May 26, 2009 at 3:56 pm (About Me) (, , , )

I ended up with a rather busier Memorial Day weekend than I might have wished for myself.  It didn’t leave a whole lot of time for spending on the computer (although some of that was just me avoiding the computer because I wanted a technology break).

I ended up spending a lot of time reading, which was nice.  I poked a bit around my little garden, since more of my plants are blooming now.  I also spent some time just thinking.

I’m pretty sure a lot of people think I’m rigid.  Call it that, or stubborness, or any old thing – it all amounts to about the same thing.  My family especially likes to point this particular trait out to me, usually because they think I’m too rigid (or stubborn or whatever).

The older I get (and I realize I’m still not that old), the more impatient I get with being dismissed that way.  Because in so many ways, it is completely a dismissal.  People think, oh, we don’t need to listen to Mary, because she’s just being stubborn.  She’s not able to be flexible, so she isn’t seeing the world as it really is.  Maybe that viewpoint is sometimes true, but I don’t think it is nearly as often as I’m made to feel it is.

The fact is, the world exists because of rules.  I happen to find those rules pretty fascinating, perhaps because of my interest in history, or perhaps just because.  Every society has their own set of rules, and some societies even codify them.  The most fascinating thing about those rules, really, is the fact that even when people say that they’re outdated and ridiculous, most people still follow a large chunk of them.

So the fact that I know many of these rules (call them etiquette, call them manners, call them society, or anything else) and recognize both their value and their hold on people does not make me rigid.  Wanting to follow them myself does not make me stubborn.  Wanting to preserve a standard that is based on the ideal of a smoothly-operating society does not mean that I will apply that standard rigidly in every case I see.  But when I do apply it rigidly, that doesn’t mean I’m blowing things all out of proportion.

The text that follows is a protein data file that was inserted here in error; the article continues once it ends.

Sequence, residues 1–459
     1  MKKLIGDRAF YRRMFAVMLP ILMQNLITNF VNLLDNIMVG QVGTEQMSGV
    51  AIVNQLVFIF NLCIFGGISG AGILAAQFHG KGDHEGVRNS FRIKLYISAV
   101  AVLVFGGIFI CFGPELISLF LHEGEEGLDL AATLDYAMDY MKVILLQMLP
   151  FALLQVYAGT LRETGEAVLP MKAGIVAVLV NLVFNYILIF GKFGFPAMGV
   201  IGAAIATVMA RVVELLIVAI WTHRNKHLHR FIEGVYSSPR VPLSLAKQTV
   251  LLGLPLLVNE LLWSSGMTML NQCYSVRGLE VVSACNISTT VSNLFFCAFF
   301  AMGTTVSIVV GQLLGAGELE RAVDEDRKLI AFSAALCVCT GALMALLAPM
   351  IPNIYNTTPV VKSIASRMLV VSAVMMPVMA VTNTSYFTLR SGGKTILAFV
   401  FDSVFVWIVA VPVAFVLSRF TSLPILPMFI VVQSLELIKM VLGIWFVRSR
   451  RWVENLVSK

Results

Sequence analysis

It might very well look as though I take offense at things that I would not have been offended by several years ago (before I actually learned these rules).  But I think what’s really happening is that now I know what I have a right to be offended over, and what I don’t.  So instead of a vague feeling of discomfort a lot of the time, I’m able to brush off things that shouldn’t offend me, and focus my energy on dealing with those things that do.  Ultimately, those rules of society apply just as much to myself as they do to anyone else, if not more so.  They help me figure out what the best course of action is in sticky situations, and come out the other side without pissing off everyone around me or burning any undeserving bridges.


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Miss Manners

February 3, 2009 at 11:44 am (Uncategorized) (, )

Recently, I’ve been reading Miss Manners’ Guide to Excruciatingly Correct Behavior by Judith Martin.  I’d actually been meaning to read this book for some time, but it didn’t occur to me until recently to see if the public library had it.  So I got it on Saturday, and have read probably a quarter of it so far.

It’s a pretty good read.  It’s easy to read a bit and put it down, because it’s very segmented.  And Judith Martin is funny, so it’s pleasant reading.  It certainly beats hanging around on the internet most evenings.  The hardest part about reading the book is that it’s rather heavy, so I have to prop it up on a pillow while I read on the couch.

It’s also been really interesting to think about.  I am, undoubtedly, progressive and liberal.  But I also think that what Judith Martin is trying to do with Miss Manners is extremely important.  Just because society has changed, that doesn’t mean we can throw out every old etiquette rule.  Most of them were created for a real, practical purpose in the past – and many of them are still completely relevant today.

But, and perhaps this is even more to the point, even if I personally didn’t think rules of etiquette were still important, there are undoubtedly a lot of people who do.  For instance, many people would still be a little miffed or even downright offended if someone told them what to get them for their birthday pre-emptively (going back to the rule that you’re not supposed to admit a preference for anything, including wanting presents, unless you are asked, “what do you want for your birthday?” or something similar).

Anyway, it’s been interesting reading this stuff.  I sometimes feel as though it’s like reading an especially well-written manual on correct grammar.  I kind of sort of know all these rules, because I’ve picked up on most of them in part without realizing, but it’s awfully helpful to have someone spell it all out for me.  And it certainly doesn’t hurt that Judith Martin, writing as Miss Manners, has a very amusing way of spelling it out.

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